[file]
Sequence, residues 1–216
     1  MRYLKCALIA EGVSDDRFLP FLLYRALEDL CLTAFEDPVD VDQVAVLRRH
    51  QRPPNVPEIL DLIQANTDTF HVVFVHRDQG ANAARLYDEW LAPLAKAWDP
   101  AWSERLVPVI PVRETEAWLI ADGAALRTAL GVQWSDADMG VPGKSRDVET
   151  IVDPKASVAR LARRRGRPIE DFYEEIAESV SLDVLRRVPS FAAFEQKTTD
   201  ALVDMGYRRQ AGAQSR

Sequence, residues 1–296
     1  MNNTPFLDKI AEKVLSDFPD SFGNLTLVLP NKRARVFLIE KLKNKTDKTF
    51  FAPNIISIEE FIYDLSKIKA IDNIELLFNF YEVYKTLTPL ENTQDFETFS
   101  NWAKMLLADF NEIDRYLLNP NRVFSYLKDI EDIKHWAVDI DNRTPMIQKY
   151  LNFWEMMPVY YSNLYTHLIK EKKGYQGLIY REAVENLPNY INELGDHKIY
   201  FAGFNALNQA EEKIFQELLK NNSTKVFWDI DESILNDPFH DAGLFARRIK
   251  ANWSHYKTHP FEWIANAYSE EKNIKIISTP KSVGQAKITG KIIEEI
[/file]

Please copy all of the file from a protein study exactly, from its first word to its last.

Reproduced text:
Sequence, residues 1–216
     1  MRYLKCALIA EGVSDDRFLP FLLYRALEDL CLTAFEDPVD VDQVAVLRRH
    51  QRPPNVPEIL DLIQANTDTF HVVFVHRDQG ANAARLYDEW LAPLAKAWDP
   101  AWSERLVPVI PVRETEAWLI ADGAALRTAL GVQWSDADMG VPGKSRDVET
   151  IVDPKASVAR LARRRGRPIE DFYEEIAESV SLDVLRRVPS FAAFEQKTTD
   201  ALVDMGYRRQ AGAQSR

Sequence, residues 1–296
     1  MNNTPFLDKI AEKVLSDFPD SFGNLTLVLP NKRARVFLIE KLKNKTDKTF
    51  FAPNIISIEE FIYDLSKIKA IDNIELLFNF YEVYKTLTPL ENTQDFETFS
   101  NWAKMLLADF NEIDRYLLNP NRVFSYLKDI EDIKHWAVDI DNRTPMIQKY
   151  LNFWEMMPVY YSNLYTHLIK EKKGYQGLIY REAVENLPNY INELGDHKIY
   201  FAGFNALNQA EEKIFQELLK NNSTKVFWDI DESILNDPFH DAGLFARRIK
   251  ANWSHYKTHP FEWIANAYSE EKNIKIISTP KSVGQAKITG KIIEEI